- continue your health insurance coverage,
- receive any severance pay you were promised, and
- collect unemployment benefits, if you qualify.
Most employers are not required to pay severance according to federal law; however, employers may be legally required to pay severance if they promised to do so in either a written contract or an employee handbook/manual, or if they have a history of paying severance to other employees in the same position. Keep in mind, severance pay is not always limited to just money, and can include additional benefits such as insurance or unemployment compensation.
If you lose your job, you may also be eligible to receive some temporary or permanent financial support with the help of unemployment insurance benefits. The benefits are typically less than your former pay and usually last less than a year, but every penny counts when you have lost your job, and you may want to consider this option.
If any of these circumstances apply to you, and your employer is not following through with his/her responsibilities, set up a free consultation with an experienced employment attorney at Lancaster and Eure to become fully knowledgeable about your eligibility for compensation and what to expect once you initiate a civil suit. With 70 years of combined experience in trial practice and litigation for employment law in Florida, Lancaster and Eure has the knowledge and expertise necessary to help you with your employment law case.
Personal injury law practice involves recovering compensation for victims of another person’s negligent, careless, or intentional behavior.
In personal injury law, there is a basic principle that if a person involved in an accident was less careful than another, the less careful person must pay for at least a portion of the damages suffered by the more careful person. It is this rule by which legal liability is determined in most cases. However, there are important details to consider, such as if an injured person was somewhere he/she was not supposed to be, or in a place where he/she should have expected the kind of activity which caused the accident or injury. In these instances, the responsible party might not be liable because he/she had no "duty" to be careful toward the injured person. If the injured person was also careless, his/her compensation may be reduced by the extent to which the carelessness is deemed responsible for the accident. This is known as comparative negligence. There are also different guidelines for an automobile accident as Florida is a “no-fault” state.
Determining if someone is responsible for your physical or emotional suffering and if you are entitled to compensation may seem overwhelming, but with a well-informed source and a strong advocate, it is possible to prepare a successful personal injury case.
Take the first step towards helping yourself and contact Lancaster and Eure for a free consultation to talk about your accident or injury. With over 70 years of combined experience in trial practice and litigation for personal injury in Florida, Lancaster and Eure has the knowledge and expertise to represent your best interests.
There are many different scenarios wherein someone who was not totally blameless for his/her injury can receive some compensation. However, receipt of damages incurred is only feasible if the injured person or his/her legal representative can prove the degree to which the other party involved in the accident or injury was negligent.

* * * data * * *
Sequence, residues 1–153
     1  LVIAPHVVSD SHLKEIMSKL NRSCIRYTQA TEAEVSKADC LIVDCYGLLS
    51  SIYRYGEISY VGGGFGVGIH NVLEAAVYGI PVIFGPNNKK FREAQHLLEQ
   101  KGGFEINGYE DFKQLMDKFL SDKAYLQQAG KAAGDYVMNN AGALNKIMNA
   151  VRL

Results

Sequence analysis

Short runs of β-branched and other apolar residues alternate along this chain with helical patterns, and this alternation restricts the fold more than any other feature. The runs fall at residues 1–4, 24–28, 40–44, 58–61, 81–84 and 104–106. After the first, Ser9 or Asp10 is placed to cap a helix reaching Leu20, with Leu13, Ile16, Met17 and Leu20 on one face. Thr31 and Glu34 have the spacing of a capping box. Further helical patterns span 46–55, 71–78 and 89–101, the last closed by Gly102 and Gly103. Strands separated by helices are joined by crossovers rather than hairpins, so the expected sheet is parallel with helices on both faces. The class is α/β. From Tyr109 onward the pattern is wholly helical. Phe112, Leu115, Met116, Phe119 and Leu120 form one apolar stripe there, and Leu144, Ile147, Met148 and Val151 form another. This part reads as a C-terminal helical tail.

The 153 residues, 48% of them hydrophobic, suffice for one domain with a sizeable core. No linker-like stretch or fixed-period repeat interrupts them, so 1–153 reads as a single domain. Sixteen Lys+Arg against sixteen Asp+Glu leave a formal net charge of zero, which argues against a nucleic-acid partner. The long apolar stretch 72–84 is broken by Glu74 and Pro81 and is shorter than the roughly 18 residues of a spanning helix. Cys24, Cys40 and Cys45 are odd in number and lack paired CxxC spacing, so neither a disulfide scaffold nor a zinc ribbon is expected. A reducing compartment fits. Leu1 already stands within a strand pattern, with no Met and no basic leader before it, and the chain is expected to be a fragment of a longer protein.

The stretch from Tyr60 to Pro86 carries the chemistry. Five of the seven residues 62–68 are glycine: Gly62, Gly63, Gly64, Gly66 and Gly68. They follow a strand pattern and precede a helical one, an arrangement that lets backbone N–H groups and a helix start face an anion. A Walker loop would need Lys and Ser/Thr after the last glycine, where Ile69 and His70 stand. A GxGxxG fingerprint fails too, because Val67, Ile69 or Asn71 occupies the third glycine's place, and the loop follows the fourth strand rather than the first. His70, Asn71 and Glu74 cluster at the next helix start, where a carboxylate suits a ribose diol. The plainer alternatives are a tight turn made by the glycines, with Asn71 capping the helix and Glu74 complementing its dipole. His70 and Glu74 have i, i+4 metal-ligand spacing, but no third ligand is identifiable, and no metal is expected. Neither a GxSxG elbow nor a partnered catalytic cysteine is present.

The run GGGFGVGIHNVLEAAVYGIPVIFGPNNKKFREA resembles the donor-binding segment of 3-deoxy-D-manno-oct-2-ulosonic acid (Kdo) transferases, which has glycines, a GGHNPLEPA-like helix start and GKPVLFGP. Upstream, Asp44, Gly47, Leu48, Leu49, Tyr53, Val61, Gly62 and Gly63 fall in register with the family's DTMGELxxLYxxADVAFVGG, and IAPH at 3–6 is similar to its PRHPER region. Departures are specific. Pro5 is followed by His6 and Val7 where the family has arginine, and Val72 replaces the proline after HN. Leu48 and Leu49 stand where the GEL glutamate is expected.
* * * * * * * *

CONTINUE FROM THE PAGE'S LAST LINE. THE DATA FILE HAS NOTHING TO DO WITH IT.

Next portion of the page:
For example, if an accident is caused on poorly built or maintained property, the property owner could be liable for being careless in maintaining the property, regardless of whether he/she actually created the dangerous condition leading to the accident/injury. Therefore, if you are injured on such a property, you could prove the property owner was at fault, with the proper evidence.
In order to prove fault, there must be documentation and evidence of the accident and any injuries or damages. Therefore, it is recommended, the moment an accident or injury occurs, whether it’s a boating accident, a car accident, or a dog bite, you begin documenting the event, if at all possible. This documentation may consist of photos, writing details of the event, getting names and contact information of any witnesses, and/or filing a report with the local authorities.
To know your rights and what to expect once you initiate a personal injury case, set up a free consultation with an attorney at Lancaster and Eure. With 70 years of combined experience in trial practice and litigation for personal injury in Florida, Lancaster and Eure has the knowledge and expertise necessary to help you with your personal injury case.
In Florida, the statute of limitations, or specific period of time during which a personal injury lawsuit can be filed, is four years from the date of the incident or collision. If you do not file within this time, you give up your right to sue.
It should be noted the statute of limitations (as well as the process) for suing a government agency could be very different. Typically, you first file an administrative claim with the city, county, or state of which the agency is a part, and you may have as little as 60 days to submit an administrative claim. Usually, the government denies your claim; however, the denial notification letter will tell you how long you have to file a lawsuit.
There are different regulations applied to laws in every state and statutes of limitations may vary from state to state. For instance, in one state, rules may allow a person with a personal injury claim one year from the date of injury to file suit; and in another state, personal injury plaintiffs may have two years to sue. Be aware there are also certain types of accidents which might have a shorter statute of limitations.
Take the first step towards educating yourself about your rights and contact Lancaster and Eure for a free consultation to discuss your accident or injury. With over 70 years of combined experience in trial practice and litigation for personal injury in Florida, Lancaster & Eure has the knowledge and expertise to represent your best interests.